Gibson lawsuit: In defense of Gibson

Discussion in 'Guitars in General' started by Oldschool59, Jun 21, 2019.

  1. Oldschool59

    Oldschool59 Member

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    In light of the recent ‘’Play Authentic’’ events, I’d like to offer a somewhat contrarian view to the ‘’Guitar Justice Warriors’’ out here raining fire on Gibson.

    To begin with, I’m not pro-Gibson. I own and play a 2013 R9, which is a great Les Paul, bought new. While a great iconic guitar, with killer tone played through a 100W Marshall, it is not my favorite instrument. By far. It is chunky, unwieldy, and much more a struggle to play than most of my other guitars. But I did not buy it for playability, I got it because I’ve always wanted one, and it is everything I expected an L-P to be. No more, no less. So, while I enjoy my Gibson, I’m not a dyed-in-the-wool fan boy. Far from it.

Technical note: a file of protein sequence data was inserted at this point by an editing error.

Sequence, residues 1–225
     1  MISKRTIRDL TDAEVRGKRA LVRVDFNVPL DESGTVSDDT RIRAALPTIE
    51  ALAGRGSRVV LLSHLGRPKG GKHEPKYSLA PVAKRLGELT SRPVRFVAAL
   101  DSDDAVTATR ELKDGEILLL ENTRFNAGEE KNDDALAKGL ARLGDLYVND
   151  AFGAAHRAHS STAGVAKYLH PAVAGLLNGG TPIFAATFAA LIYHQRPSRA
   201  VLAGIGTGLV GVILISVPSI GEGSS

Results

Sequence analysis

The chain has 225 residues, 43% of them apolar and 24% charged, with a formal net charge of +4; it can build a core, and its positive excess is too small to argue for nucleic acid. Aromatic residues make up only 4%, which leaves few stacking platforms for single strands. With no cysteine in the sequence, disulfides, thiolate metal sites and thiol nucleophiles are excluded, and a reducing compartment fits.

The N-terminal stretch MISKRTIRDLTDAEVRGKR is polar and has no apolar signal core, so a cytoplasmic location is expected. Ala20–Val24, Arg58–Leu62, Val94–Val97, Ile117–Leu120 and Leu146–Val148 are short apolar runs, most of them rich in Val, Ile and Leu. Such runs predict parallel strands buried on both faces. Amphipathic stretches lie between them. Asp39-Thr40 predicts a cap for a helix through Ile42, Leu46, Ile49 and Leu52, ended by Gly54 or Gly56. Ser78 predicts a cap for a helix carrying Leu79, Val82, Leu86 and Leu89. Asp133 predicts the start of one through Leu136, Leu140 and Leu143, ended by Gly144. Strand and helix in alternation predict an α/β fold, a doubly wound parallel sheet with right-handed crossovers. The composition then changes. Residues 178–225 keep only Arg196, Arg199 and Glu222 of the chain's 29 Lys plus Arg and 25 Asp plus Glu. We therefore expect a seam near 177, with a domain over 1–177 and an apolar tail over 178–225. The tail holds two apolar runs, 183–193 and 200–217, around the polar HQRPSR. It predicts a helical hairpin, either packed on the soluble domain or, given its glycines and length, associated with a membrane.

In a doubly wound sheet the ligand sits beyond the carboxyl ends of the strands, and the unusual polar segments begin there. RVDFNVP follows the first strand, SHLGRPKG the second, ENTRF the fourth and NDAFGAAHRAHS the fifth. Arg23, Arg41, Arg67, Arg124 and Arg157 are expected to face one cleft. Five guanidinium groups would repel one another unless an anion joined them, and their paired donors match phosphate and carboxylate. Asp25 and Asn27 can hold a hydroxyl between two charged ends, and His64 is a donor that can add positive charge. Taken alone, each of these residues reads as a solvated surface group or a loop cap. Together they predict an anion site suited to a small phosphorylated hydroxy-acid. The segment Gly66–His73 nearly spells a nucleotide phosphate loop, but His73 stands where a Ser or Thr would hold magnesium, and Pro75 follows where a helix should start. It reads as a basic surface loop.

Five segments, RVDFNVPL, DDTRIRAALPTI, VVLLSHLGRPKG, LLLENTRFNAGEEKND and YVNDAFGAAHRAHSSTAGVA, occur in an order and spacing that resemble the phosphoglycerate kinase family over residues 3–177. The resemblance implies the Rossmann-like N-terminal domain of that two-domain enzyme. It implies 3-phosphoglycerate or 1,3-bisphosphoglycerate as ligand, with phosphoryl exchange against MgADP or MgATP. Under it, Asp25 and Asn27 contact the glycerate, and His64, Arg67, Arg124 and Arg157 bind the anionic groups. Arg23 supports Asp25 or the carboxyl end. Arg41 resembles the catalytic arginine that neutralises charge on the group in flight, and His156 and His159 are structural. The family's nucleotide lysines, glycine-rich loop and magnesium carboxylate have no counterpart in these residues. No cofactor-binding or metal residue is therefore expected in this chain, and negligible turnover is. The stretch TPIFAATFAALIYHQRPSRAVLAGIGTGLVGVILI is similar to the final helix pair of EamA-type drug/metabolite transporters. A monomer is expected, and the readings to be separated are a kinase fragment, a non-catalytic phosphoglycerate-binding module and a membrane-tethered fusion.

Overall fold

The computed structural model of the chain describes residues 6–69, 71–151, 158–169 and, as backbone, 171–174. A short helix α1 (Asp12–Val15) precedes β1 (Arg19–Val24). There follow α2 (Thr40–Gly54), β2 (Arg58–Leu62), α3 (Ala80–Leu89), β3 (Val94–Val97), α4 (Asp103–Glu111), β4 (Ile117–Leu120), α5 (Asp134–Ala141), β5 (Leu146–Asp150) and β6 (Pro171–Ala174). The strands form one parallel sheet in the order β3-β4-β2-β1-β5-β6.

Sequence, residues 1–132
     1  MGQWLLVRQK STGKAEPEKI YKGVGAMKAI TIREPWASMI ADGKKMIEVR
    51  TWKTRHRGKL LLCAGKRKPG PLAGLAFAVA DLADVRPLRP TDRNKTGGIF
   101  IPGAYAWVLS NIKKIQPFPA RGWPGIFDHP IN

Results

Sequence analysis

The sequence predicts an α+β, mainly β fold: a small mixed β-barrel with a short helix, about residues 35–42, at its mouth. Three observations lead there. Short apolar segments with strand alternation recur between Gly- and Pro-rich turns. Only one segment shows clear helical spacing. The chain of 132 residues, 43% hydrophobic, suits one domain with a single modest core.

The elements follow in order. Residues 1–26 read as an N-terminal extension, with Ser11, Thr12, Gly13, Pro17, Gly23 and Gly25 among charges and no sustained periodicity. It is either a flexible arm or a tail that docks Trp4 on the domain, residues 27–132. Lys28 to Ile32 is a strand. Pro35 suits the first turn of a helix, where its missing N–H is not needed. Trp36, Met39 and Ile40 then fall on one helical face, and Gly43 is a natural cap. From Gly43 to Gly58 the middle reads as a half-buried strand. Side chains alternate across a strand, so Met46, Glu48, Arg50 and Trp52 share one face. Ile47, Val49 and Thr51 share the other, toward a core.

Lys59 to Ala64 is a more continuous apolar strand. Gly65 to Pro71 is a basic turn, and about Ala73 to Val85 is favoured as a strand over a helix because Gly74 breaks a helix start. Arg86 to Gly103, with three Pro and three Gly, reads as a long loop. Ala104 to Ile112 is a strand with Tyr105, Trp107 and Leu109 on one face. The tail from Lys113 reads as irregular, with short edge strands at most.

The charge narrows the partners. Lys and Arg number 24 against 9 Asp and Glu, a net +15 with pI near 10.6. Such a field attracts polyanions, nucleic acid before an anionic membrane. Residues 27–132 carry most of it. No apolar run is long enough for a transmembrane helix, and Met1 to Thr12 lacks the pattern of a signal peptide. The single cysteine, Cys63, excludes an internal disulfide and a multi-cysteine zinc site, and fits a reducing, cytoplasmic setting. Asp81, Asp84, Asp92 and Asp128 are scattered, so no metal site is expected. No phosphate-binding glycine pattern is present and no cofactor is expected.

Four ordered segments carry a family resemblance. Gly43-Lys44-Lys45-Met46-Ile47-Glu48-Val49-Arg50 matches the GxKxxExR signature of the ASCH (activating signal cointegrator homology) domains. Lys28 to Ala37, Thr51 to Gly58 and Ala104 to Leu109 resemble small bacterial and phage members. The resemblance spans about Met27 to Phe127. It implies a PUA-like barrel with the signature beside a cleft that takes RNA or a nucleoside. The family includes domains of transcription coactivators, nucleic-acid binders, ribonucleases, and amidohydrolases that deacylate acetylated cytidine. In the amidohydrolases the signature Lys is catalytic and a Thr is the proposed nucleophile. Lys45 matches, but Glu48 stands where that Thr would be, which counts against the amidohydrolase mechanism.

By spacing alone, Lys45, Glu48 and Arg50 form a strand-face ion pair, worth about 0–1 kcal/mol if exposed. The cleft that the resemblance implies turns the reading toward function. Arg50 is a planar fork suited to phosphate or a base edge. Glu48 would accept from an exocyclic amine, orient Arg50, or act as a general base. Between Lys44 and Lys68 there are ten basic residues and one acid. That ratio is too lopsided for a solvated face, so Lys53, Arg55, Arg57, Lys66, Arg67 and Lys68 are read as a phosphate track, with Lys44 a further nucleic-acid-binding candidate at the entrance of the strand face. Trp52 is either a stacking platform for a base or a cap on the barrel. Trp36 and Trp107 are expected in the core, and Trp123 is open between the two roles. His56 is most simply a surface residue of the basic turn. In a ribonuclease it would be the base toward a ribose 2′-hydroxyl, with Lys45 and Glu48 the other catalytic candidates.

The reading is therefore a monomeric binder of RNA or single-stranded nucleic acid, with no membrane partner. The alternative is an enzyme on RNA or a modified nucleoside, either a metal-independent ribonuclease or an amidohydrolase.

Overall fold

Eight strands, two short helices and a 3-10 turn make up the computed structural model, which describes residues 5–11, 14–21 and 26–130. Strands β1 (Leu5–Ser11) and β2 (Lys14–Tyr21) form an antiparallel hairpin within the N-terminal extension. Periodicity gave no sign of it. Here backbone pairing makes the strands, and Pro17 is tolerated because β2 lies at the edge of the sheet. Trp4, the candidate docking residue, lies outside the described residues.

I come at this post from a perspective of business. I think that Gibson’s actions are not the problem, but rather its approach is. Let’s think on this for one minute: in the business world, nobody spends a penny if they don’t have to, unless they’re sub-par operators. So suing a competitor for any type of infringement is not done lightly, and without cause. I surmise that ‘’cause’’ in this case, is business lost to makers of similar guitars. This must cost Gibson a pretty penny, or at least must appear to do so in their financial projections. So, right or wrong, proven or otherwise, someone up top at Gibson must think that their top line is affected by copies. Well, what do you do?